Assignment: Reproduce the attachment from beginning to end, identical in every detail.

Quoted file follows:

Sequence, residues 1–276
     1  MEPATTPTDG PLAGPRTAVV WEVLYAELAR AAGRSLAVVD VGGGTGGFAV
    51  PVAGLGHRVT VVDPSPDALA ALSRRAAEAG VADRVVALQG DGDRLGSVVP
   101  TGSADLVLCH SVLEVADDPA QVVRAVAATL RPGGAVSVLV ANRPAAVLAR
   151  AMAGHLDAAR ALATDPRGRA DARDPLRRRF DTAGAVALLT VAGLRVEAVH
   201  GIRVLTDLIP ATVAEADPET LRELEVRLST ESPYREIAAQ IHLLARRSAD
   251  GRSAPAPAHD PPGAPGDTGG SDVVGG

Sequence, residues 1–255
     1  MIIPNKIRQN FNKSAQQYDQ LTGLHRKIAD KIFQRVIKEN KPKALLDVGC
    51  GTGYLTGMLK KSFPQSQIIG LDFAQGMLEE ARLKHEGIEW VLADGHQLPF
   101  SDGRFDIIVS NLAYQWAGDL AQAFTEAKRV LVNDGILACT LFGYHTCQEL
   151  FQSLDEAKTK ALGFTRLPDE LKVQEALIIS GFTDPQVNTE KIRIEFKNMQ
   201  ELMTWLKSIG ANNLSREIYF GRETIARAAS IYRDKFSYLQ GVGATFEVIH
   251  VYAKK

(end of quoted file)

Sequence, residues 1–276
     1  MEPATTPTDG PLAGPRTAVV WEVLYAELAR AAGRSLAVVD VGGGTGGFAV
    51  PVAGLGHRVT VVDPSPDALA ALSRRAAEAG VADRVVALQG DGDRLGSVVP
   101  TGSADLVLCH SVLEVADDPA QVVRAVAATL RPGGAVSVLV ANRPAAVLAR
   151  AMAGHLDAAR ALATDPRGRA DARDPLRRRF DTAGAVALLT VAGLRVEAVH
   201  GIRVLTDLIP ATVAEADPET LRELEVRLST ESPYREIAAQ IHLLARRSAD
   251  GRSAPAPAHD PPGAPGDTGG SDVVGG

Sequence, residues 1–255
     1  MIIPNKIRQN FNKSAQQYDQ LTGLHRKIAD KIFQRVIKEN KPKALLDVGC
    51  GTGYLTGMLK KSFPQSQIIG LDFAQGMLEE ARLKHEGIEW VLADGHQLPF
   101  SDGRFDIIVS NLAYQWAGDL AQAFTEAKRV LVNDGILACT LFGYHTCQEL
   151  FQSLDEAKTK ALGFTRLPDE LKVQEALIIS GFTDPQVNTE KIRIEFKNMQ
   201  ELMTWLKSIG ANNLSREIYF GRETIARAAS IYRDKFSYLQ GVGATFEVIH
   251  VYAKK